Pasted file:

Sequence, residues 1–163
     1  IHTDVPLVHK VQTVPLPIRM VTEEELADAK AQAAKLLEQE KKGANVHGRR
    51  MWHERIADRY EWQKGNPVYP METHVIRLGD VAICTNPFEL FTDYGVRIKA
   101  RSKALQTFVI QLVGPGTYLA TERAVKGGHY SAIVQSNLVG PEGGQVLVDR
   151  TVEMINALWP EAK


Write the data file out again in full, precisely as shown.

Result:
Sequence, residues 1–163
     1  IHTDVPLVHK VQTVPLPIRM VTEEELADAK AQAAKLLEQE KKGANVHGRR
    51  MWHERIADRY EWQKGNPVYP METHVIRLGD VAICTNPFEL FTDYGVRIKA
   101  RSKALQTFVI QLVGPGTYLA TERAVKGGHY SAIVQSNLVG PEGGQVLVDR
   151  TVEMINALWP EAK